by Scott McClallen
Gov. Gretchen Whitmer is expected to pitch spending $500 million of additional federal taxpayer money on private companies that produce electric vehicles (EV). The governor will discuss her proposal on Wednesday at 11 a.m.
However, it’s unclear if general economic development is an approved use of federal COVID dollars under U.S. Treasury guidelines.
The Detroit News first reported the story.
General Motors (GM) subsequently promised a $6.5 billion investment estimated to provide 4,000 jobs by 2024 with taxpayers footing at least $824 million – about $205,000 per job created.
Orion Twp. gave GM an additional tax break on a $1.3 billion project that’s not yet developed enough to estimate taxpayer cost.
In her State of the State address, Whitmer pitched a proposal to grant $2,500 in state subsidies to each purchaser of EV vehicles in Michigan. She noted the subsidies would help transform the state into the epicenter of EV automation.
Few Michiganders driving EVs relative to gas vehicles. The Michigan Secretary of State’s office counts 5.8 million gas vehicles, 13,545 EVs, and 105,651 hybrid vehicles registered statewide.
A GOP-dominated legislature would have to approve Whitmer’s pitch. Rep. Thomas Albert, R-Lowell, has called for “targeted and sustainable tax relief.”
Previously, Senate Majority Leader Mike Shirkey, R-Clarklake, welcomed EV spending.
“[T]he economic well-being of our state isn’t a partisan matter,” Shirkey said. “High-quality jobs don’t have a party affiliation.”
Meanwhile, other lawmakers call the subsidy a handout that benefits rich companies. At the time, Rep. Abraham Aiyash, D-Detroit, tweeted: “ ICYMI: GM will be getting nearly a BILLION dollars in taxpayer money for jobs that will likely pay only $36k a year with no guarantee of a union or benefits. The art of the deal.”
Rep. Steve Johnson, R-Wayland, described the handout as “big business getting into bed with big government.” He added: “We’re actually giving from the poor to the wealthy.”
John Mozena, president of the Center for Economic Accountability, a nonprofit organization for transparent economic development policy, warned the the Treasury Department’s Jan. 6 final rules for the Coronavirus State and Local Fiscal Recover Funds (SLFRF) limit spending on general economic development.
The rule says that recipients should assess potential fund spending determined by “which beneficiary experienced the negative economic impact” – such as households, small businesses, and nonprofits.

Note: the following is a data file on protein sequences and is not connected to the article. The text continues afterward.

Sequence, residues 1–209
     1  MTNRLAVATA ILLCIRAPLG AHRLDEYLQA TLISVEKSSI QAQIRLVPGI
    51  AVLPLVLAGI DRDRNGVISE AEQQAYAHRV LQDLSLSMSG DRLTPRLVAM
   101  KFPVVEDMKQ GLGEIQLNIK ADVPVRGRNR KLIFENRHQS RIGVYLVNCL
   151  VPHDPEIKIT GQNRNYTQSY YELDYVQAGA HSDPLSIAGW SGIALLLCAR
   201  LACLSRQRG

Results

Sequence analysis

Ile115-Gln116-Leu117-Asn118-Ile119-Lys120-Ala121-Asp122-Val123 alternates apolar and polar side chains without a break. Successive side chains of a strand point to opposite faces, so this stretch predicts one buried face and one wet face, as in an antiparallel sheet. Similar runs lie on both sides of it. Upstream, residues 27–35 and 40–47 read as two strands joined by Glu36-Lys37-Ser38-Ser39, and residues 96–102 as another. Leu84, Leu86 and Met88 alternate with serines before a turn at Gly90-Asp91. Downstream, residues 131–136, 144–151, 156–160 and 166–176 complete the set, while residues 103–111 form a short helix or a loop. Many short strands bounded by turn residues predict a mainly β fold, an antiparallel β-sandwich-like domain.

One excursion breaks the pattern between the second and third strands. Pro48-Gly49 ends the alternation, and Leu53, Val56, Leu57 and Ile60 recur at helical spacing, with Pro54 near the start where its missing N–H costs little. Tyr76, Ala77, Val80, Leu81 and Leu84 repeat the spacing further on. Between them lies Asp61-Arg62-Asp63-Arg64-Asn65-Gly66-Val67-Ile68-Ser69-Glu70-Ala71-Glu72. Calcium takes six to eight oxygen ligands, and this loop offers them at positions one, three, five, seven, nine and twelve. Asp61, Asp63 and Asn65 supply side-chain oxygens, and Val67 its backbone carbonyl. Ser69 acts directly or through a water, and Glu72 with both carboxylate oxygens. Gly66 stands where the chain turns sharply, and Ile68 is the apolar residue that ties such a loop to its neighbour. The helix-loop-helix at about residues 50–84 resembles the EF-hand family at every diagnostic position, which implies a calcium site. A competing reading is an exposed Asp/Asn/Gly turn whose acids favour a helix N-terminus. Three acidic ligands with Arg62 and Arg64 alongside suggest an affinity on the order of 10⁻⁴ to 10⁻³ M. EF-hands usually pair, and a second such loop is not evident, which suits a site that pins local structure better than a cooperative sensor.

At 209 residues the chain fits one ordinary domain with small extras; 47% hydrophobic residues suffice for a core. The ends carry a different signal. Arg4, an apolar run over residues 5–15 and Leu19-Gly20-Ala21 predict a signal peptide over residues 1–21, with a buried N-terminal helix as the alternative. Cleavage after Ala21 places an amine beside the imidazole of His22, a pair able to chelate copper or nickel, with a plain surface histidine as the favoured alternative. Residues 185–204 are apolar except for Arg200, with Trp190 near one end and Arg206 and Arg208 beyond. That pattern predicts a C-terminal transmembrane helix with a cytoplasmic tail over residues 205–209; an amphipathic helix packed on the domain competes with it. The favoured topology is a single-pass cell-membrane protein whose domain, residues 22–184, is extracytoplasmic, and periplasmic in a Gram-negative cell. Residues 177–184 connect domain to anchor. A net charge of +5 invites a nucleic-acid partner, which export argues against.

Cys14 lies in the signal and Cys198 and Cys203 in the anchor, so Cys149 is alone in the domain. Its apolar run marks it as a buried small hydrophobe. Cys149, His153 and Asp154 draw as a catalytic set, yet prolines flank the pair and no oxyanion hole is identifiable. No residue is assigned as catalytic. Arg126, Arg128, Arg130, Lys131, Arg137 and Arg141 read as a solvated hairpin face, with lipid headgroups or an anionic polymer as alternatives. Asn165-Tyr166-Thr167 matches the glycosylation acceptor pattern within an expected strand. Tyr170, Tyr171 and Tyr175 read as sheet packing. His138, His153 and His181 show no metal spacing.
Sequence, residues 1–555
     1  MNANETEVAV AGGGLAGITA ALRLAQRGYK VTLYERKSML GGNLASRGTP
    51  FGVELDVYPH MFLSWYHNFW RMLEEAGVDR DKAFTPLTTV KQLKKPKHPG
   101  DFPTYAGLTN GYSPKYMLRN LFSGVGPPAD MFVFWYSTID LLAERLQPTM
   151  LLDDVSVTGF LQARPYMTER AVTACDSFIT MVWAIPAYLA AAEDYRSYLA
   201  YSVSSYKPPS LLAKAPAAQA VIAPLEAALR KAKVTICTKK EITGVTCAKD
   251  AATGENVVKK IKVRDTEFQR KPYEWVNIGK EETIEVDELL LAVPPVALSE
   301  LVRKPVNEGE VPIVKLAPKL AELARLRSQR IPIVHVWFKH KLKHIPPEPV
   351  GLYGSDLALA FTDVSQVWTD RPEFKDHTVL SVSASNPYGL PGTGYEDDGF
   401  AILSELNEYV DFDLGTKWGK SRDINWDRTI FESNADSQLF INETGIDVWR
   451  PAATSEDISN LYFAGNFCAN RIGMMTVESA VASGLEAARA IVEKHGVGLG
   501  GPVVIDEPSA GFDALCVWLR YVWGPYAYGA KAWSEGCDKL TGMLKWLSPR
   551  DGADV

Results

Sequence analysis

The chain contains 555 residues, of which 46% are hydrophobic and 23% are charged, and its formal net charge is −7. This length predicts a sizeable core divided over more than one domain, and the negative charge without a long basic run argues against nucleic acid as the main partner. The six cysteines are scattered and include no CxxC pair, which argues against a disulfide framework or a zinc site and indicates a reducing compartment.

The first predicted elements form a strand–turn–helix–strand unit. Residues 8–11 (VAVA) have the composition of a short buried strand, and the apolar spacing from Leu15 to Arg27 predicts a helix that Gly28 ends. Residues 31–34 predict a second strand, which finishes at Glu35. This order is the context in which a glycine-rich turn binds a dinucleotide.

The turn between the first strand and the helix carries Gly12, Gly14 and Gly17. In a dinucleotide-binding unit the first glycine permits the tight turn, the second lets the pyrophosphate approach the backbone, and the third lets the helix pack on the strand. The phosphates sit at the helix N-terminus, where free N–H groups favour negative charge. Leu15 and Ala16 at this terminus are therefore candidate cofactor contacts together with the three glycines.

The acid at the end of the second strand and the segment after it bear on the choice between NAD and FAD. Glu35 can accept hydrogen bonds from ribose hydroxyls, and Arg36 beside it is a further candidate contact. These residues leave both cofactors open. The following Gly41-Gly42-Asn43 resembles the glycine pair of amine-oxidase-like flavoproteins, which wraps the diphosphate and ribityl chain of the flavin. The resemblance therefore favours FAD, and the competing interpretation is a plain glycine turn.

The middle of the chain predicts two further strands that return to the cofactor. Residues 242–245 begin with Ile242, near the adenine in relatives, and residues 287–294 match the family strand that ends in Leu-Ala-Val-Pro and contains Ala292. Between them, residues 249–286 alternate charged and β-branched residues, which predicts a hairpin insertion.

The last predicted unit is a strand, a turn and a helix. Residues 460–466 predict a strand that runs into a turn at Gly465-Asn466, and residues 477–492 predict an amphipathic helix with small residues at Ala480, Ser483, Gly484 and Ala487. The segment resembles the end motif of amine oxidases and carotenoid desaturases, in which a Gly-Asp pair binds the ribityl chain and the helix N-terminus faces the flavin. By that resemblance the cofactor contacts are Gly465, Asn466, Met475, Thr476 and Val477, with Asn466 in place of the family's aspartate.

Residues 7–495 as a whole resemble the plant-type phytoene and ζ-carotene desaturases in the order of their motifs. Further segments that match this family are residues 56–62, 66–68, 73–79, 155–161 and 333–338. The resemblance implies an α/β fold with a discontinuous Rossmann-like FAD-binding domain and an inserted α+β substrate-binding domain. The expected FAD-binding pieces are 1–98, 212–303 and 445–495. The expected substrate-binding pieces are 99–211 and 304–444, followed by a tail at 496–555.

“SLFRF funds may be used to make loans, including to small businesses, provided that the loan is an eligible use, and the cost of the loan is tracked and reported in accordance with Treasury’s Compliance and Reporting Guidance,” the rule says. “Funds that are unobligated after December 31, 2024 must be returned to Treasury.”
An industry is presumed to be impacted if the industry experienced employment loss of at least 8%, the rules say.
“Example economic indicators include gross output, GDP, net profits, employment levels, and projected time to restore employment back to pre-pandemic levels,” the rule says.
Mozena asked what would happen if Michigan promised $500 million in ineligible spending, and then the Treasury clawed that money back.
“There’s a real risk that if Michigan makes commitments thinking it has federal dollars backing it up, that those dollars might not be there when the bill comes due,” Mozena said in a phone interview.
An Upjohn Institute for Employment Research study concluded between 75% and 98% of all subsidized investments would have happened without the subsidy.
A Mackinac Center for Public Policy report analyzing more than 7,300 incentive deals in Michigan concluded that business incentive programs increase a company’s employment and sales but come at an average taxpayer cost of $593,913 per job created per year.
“That’s over and above the reality that these subsidy deals don’t work,” Mozena said. “Big companies with big projects aren’t having their decisions changed by these subsidies” because these private companies have much more money than the state, Mozena said.
Despite enduring a chip shortage that has negatively effected sales of new vehicles, The Detroit Free Press reported GM made $14.3 billion in 2021.
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Scott McClallen is a staff writer covering Michigan and Minnesota for The Center Square. A graduate of Hillsdale College, his work has appeared on Forbes.com and FEE.org. Previously, he worked as a financial analyst at Pepsi.
Photo “Gov. Whitmer” by University of Michigan’s Ford School CC BY-ND 2.0.